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Kraus’s definition of the boundary between the near and far field makes good physical sense. I have the first edition of Kraus (1950), which, unfortunately, does not have the information contained in the figure in Kraus 3.
A person I sometimes refer to in this Forum is Prof. Valentin Trainotti, who, I think, is the leading authority on short medium-wave AM antennas still extant. In “Short Low-and Medium-Frequency Antenna Performance” in the October, 2005 issue of IEEE Antennas and Propagation Magazine, Trainotti defines a “Radiating Hemisphere” a half wavelength in radius. He says that, “The antenna consists not only of the conductive wires, but a hemispherical free space wave generator a half wavelength in radius. The area of the Earth under this hemisphere is…very important, because all of the conductive currents flowing through it are part of the antenna’s circuit…” Trainotti considers the circle under the hemisphere, which is a half wavelength in radius, to be the boundary of the near field. The energy exiting the radiating hemisphere is almost entirely radiated. Inside the hemispere, some of the energy does not propagate, but returns to the short antenna to form a standing wave.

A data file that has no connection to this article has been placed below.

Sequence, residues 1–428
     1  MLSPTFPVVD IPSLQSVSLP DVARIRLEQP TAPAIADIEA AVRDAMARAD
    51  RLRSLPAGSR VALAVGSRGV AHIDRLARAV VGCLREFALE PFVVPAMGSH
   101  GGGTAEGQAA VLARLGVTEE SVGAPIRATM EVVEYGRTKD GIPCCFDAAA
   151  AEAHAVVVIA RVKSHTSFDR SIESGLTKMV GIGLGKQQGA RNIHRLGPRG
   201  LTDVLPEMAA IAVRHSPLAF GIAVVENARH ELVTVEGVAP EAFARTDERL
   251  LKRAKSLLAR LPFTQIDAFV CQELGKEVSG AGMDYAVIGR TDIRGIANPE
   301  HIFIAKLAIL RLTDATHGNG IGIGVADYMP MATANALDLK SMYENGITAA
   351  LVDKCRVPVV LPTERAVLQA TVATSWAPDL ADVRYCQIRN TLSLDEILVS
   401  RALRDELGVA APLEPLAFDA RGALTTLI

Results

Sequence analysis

I calculated the vertical electric field for a distance of lambda/2 from a differential current element and found that the real part of the field exceeds the imaginary part by a factor of only 2.824. So, even at a distance of a half wavelength, some of the near field still exists. Trainotti makes the important point, however, that the area a half wavelength from the short antenna forms part of the transmitter and antenna circuit, and the earth in this area should be highly conductive for good efficiency.
The Poynting vector does not apply to the near field, because very little of the energy of the fields near the antenna flows away from the antenna. Instead, the displacement current generated by the electric field mostly returns to the antenna. A very short antenna is basically a capacitor.